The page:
I think I’m quite an adventurous person, but I’m always aware of my limitations and dislikes. For example, I generally don’t have an issue with heights (see: rock climbing) but anything to do with deep water makes me wary (see: cliff jumping). I’m quite fit but going uphill in any capacity is not my idea of fun.

So when I read about Ben Nevis, I was like NAHHHHHH. I knew I wanted to do some kind of walking while I was in Fort William, Scotland… but the idea of trekking up Ben Nevis, the highest peak in the UK, was a bit too daunting for this urban dweller.

Until my guide, Jack, convinced me that I could do it, and that I would especially enjoy the Carn Mor Dearg arête. To be honest, I was still a bit leery even after I agreed to it. But I thought, what the heck who knows if I will get the chance to do it in the future. I mean, how hard could it be?…


Let’s break it down, for those wondering what my day was like.

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Jack & I started the day a little after 8.00am. I was feeling good and ready to tackle the day. The first 2 hours or so were quite easy, even with one section of the walk going uphill. We were still on marked paths and the weather was excellent.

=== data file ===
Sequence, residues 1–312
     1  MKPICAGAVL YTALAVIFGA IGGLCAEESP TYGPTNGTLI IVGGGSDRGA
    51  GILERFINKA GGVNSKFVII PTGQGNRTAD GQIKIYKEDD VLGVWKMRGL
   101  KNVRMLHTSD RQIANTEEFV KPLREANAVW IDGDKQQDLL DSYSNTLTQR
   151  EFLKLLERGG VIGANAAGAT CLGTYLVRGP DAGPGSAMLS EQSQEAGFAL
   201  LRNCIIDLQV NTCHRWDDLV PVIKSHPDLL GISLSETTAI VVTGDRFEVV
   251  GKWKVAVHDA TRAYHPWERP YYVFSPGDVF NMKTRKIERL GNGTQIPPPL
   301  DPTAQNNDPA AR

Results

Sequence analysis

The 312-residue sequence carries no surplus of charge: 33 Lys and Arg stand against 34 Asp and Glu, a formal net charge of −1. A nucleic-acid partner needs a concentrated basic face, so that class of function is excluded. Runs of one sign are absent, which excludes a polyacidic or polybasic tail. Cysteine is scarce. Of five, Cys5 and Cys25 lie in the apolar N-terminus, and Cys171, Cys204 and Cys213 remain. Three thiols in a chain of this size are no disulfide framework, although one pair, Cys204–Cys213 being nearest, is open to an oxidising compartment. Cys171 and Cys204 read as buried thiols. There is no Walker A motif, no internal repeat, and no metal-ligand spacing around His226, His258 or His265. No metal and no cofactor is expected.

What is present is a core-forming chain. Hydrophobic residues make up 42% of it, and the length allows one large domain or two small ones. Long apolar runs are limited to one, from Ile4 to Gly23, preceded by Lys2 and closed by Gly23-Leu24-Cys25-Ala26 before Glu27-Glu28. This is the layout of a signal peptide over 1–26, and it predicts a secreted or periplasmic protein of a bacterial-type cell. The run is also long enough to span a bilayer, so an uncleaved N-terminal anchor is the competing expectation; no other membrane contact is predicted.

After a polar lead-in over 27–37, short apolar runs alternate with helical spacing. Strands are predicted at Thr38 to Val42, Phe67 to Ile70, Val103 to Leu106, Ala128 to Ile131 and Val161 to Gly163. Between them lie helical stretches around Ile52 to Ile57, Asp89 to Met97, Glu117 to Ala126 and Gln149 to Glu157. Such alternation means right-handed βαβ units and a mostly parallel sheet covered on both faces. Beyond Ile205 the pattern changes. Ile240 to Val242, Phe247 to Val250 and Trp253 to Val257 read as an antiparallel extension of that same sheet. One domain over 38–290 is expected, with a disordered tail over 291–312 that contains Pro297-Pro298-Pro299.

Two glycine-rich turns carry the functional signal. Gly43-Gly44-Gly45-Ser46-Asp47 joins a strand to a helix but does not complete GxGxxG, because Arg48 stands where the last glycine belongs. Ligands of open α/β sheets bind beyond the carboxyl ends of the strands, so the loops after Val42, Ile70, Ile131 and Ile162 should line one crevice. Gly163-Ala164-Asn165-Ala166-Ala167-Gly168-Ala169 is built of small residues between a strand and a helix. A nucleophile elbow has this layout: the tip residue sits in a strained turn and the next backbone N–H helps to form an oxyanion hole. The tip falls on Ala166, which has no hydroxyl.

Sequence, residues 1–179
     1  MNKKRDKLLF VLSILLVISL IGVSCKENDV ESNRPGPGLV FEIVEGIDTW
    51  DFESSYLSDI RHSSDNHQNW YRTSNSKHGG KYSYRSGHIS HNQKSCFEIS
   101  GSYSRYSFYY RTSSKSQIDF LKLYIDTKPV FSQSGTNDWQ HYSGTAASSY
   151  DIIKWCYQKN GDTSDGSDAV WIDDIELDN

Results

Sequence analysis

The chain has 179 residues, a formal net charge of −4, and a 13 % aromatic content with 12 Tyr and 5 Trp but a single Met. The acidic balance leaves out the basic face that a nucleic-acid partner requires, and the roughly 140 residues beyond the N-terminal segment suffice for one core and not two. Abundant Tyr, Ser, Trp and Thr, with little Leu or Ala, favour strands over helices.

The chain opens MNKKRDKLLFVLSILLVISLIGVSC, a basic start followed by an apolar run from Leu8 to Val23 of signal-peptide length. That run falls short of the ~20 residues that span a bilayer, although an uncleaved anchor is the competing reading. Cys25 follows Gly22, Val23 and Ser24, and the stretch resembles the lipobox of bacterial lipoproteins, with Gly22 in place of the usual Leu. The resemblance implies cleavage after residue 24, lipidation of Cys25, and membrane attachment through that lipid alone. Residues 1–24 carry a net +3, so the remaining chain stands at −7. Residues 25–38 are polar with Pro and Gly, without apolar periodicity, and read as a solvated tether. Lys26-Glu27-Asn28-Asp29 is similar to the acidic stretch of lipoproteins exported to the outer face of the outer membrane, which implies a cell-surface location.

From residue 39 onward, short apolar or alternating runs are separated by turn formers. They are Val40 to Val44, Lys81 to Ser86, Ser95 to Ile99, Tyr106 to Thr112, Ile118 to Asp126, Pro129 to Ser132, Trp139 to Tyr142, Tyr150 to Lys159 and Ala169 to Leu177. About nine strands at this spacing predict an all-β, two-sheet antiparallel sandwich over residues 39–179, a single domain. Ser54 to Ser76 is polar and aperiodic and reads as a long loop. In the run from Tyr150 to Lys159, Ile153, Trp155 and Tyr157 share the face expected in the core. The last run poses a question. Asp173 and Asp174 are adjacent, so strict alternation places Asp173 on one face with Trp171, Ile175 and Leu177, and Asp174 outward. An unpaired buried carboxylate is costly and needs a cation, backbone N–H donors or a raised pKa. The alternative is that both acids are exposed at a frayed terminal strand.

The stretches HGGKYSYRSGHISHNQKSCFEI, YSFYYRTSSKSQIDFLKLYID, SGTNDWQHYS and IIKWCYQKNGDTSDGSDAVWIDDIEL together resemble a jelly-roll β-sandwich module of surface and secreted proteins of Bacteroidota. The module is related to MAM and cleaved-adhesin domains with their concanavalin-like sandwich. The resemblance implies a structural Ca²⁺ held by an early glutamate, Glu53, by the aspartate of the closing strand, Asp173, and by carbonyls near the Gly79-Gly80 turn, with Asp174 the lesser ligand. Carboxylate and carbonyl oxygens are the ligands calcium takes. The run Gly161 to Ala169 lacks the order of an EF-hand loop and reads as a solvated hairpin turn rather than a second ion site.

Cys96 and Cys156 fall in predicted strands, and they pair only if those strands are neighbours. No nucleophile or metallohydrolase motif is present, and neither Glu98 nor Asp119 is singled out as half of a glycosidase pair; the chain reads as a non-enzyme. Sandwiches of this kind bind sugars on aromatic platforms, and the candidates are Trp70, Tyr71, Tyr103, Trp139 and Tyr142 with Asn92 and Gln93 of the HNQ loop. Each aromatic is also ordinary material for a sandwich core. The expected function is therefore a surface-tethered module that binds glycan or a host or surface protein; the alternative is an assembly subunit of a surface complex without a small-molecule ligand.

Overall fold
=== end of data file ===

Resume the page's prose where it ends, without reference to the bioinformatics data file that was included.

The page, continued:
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The further up we went, the better the view became. At this point, I was still feeling pretty good about myself and seeing this view was quite motivating cos I knew it was only gonna get better.

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When we entered the valley, the view really opened up and I got my first look at what I had gotten myself into.


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This was when it all became too real because I finally saw for myself the challenge I had agreed to. I was still smiling in this pic because the physical pain hasn’t hit yet hahahaha!

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And then, shit got real real. Jack shared with me the various paths to the summit and also which one he was planning for us to take. I was like, lead on sir.